Year In Review : 1932 National League
Off the field...
Charles A. Lindbergh, the American aviator who made the first solo, nonstop transatlantic flight from New York to Paris, faced every parent's nightmare after his child was kidnapped and murdered. In March, Lindberg's son was abducted from his own bedroom with a ransom demand of $50,000 for his release. After paying the sum, Lindberg's son was not returned infuriating the country and sparking one of the largest manhunts in modern history. In September, the missing child's battered body was found near Hopewell and further investigation revealed a suspect named Bruno Richard Hauptmann, who was found in possession of the ransom. In a sensational trial at Flemington, New Jersey, Hauptmann was convicted of murder and electrocuted on April 3rd, 1936.
In the American League...
On May 16th, the New York Yankees recorded their fourth straight shutout to equal the American League record set by both Cleveland and Boston in 1903 and 1906. The Pinstripes "perfect rotation" included Johnny Allen, George Pipgras, Red Ruffing, and Lefty Gomez who combined for an 8-0 triumph over the Indians.
Lou Gehrig, of the New York Yankees, tallied four consecutive homeruns during a 20-13 slugfest against the Philadelphia Athletics on June 3rd. Teammate Tony Lazzeri hit for the cycle and the Bronx Bombers also set a Major League record with forty-one extra bases.
Washington Senators third baseman Ossie Bluege tied the American League record after being walked five times in the first game of a doubleheader that was eventually won by the Detroit Tigers 8-6.
In the National League...
First baseman Bill Terry tied a National League record on April 17th with twenty-one putouts as the New York Giants topped the Boston Braves 6-0 at the Polo Grounds.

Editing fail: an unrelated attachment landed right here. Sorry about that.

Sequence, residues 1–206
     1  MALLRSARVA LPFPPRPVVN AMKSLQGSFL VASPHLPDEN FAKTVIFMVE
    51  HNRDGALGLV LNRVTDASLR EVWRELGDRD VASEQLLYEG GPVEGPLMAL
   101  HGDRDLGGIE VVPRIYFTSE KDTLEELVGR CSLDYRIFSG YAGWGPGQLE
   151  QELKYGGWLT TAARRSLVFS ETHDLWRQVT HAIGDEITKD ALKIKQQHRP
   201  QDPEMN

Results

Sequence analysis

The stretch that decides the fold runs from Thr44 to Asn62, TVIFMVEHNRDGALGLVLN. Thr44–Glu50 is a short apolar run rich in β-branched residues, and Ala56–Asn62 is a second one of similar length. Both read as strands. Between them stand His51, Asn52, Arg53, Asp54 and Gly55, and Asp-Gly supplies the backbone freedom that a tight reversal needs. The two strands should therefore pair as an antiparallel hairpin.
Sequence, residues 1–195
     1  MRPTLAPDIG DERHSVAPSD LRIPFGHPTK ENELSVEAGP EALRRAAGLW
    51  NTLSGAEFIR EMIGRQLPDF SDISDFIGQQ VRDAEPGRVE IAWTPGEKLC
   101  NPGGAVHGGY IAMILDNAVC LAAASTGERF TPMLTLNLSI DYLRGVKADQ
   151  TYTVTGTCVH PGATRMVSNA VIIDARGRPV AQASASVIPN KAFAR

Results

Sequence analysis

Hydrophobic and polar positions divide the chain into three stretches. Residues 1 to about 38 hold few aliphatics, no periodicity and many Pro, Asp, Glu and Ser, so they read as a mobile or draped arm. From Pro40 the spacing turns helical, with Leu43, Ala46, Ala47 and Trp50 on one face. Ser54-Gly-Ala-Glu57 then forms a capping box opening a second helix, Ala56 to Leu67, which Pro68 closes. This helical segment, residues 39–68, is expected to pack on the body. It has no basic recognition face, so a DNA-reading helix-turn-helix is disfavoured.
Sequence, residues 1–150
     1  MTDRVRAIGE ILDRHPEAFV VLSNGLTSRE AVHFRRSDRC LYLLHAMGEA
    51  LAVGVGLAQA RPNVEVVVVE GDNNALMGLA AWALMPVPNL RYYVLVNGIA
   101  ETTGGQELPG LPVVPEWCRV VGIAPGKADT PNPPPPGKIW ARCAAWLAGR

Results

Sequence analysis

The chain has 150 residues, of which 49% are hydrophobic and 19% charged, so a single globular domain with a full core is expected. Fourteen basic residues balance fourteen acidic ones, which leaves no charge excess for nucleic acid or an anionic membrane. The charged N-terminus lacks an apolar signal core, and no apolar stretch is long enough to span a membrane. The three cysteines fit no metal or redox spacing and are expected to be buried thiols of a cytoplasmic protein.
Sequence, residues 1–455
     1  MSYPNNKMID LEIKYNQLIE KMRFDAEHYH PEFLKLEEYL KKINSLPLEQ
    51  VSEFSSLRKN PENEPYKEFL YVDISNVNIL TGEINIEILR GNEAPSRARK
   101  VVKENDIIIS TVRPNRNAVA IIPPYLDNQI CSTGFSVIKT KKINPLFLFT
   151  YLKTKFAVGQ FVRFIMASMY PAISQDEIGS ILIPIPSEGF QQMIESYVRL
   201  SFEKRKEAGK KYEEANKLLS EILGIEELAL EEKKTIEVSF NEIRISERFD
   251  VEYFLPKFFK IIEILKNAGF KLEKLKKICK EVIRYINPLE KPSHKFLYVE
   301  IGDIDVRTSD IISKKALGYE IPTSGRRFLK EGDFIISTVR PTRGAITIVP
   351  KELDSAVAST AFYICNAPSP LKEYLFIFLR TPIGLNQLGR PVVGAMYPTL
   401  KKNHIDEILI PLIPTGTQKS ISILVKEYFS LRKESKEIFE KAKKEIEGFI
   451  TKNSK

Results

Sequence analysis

Pittsburgh standout Paul Waner tied a Major League mark with four doubles in five at bats as the Pirates topped the St. Louis Cardinals 5-0 on May 20th. Waner would later go on to break Chuck Klein's National League record for most doubles in a season with sixty-two.
John Quinn of the Brooklyn Dodgers became the oldest pitcher (at forty-nine) to win a Major League baseball game after relieving Van Mungo in the ninth to beat the New York Giants 2-1 on August 14th. Teammate Johnny Frederick had tied the game with his fourth pinch-hit homerun of the year setting a new major league record and would go on to add two more before the season's end.
Around the league...
On May 30th, a commemorative plaque in memory of former Yankee manager Miller Huggins was dedicated at Yankees Stadium initiating an array of tributes that would later evolve into "Monument Park".
At a June 22nd meeting of the National League club presidents, a committee finally approved the addition of numbers on player uniforms. The American League's New York Yankees had initiated the concept in 1929 with the rest of the American League following close behind.
After holding several hearings, Baseball Commissioner Kenesaw Mountain Landis cleared Rogers Hornsby on charges of fraudulently "borrowing" money from several Chicago Cubs players. The investigation was initiated after local papers in the "Windy City" reported that Hornsby had obtained money from players to bet on horse races or to share in joint ventures.
During a joint meeting of American and National League owners on December 15th, the concept of "chain store" baseball (originally developed as the St. Louis Cardinal farm system) was approved despite objections by Judge Landis.